As of May, China reportedly possessed 'more than 500 operational nuclear warheads,' a figure surpassing previous U.S. estimates. The Pentagon's annual China Military Power Report suggests that China's military progress is set to 'exceed previous expectations,' further straining the already tense relationship between the two global superpowers.
The escalating tensions between the U.S. and China stem from a myriad of issues, including China's assertiveness towards Taiwan, its military activities in the South China Sea, trade disputes, and human rights concerns. A U.S. defense official expressed alarm over China's nuclear weapons proliferation, urging Beijing to be 'more transparent on their nuclear buildup.'
The official noted, 'We see the PRC (People's Republic of China) continuing to quite rapidly modernize and diversify and expand its nuclear forces. What they're doing now, if you compare it to what they were doing about a decade ago, it really far exceeds that in terms of scale and complexity.'
The Federation of American Scientists reports that the U.S. currently maintains a stockpile of approximately 3,700 nuclear warheads, with 1,419 strategic nuclear warheads deployed. Russia, on the other hand, has a stockpile of 4,489 nuclear warheads, with about 1,550 deployed.
The Pentagon report also indicates that China is seeking to enhance its ability to launch nuclear weapons from various platforms, including land, air, and submarines. It suggests that China may be developing a new intercontinental missile system using conventional weapons, which could potentially 'threaten conventional strikes against targets in the continental United States, Hawaii and Alaska.'
The report also highlights that Beijing has 'probably completed' the construction of 300 intercontinental ballistic missile launch facilities. China's Navy, already the largest globally, has increased its fleet to over 370 ships and submarines, up from 340 last year. This naval expansion aligns with President Xi Jinping's ambition to establish China as the dominant military power in the region.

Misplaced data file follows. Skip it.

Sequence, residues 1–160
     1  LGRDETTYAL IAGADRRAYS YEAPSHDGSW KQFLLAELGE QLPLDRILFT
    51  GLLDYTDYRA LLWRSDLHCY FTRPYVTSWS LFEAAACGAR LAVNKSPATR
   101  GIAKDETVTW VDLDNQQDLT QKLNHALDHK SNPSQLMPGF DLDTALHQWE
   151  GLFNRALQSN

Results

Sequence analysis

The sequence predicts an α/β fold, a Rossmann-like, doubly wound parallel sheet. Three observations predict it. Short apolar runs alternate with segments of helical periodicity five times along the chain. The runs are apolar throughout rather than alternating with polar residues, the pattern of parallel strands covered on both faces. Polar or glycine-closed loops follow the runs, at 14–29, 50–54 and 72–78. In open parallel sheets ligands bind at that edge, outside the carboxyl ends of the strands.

The report also reiterates concerns over Beijing's mounting pressure on Taiwan, which China views as a renegade province. This pressure includes ballistic missile tests and increased incursions by warplanes. U.S. officials believe that Beijing is 'almost certainly' drawing lessons from Russia's conflict in Ukraine, preparing for a potential conflict over Taiwan and developing economic self-reliance in light of Western sanctions imposed on Moscow.
China's foreign ministry has dismissed the Pentagon's report as inaccurate and 'prejudiced,' without specifically disputing the figures. Foreign ministry spokesperson Mao Ning stated, 'China firmly pursues a nuclear strategy of self-defense. This report ignores the facts, is full of prejudice and spreads the theory of the threat posed by China. We have always kept our nuclear forces at the minimum level required for national security and have no intention to engage in a nuclear arms race with any country.'
Mao Ning further assured that 'No country will be threatened by China's nuclear weapons as long as it does not use or threaten to use nuclear weapons against China.' Beijing maintains a 'no first use' policy, vowing never to initiate a nuclear strike. In contrast, the U.S. does not adhere to a 'no first use' policy, stating that nuclear weapons would only be used in 'extreme circumstances.'
President Xi has set a deadline of 2027 for his military to develop the capability to retake Taiwan. In response, the U.S. has committed billions of dollars in arms to Taiwan to bolster its defenses against any potential attack.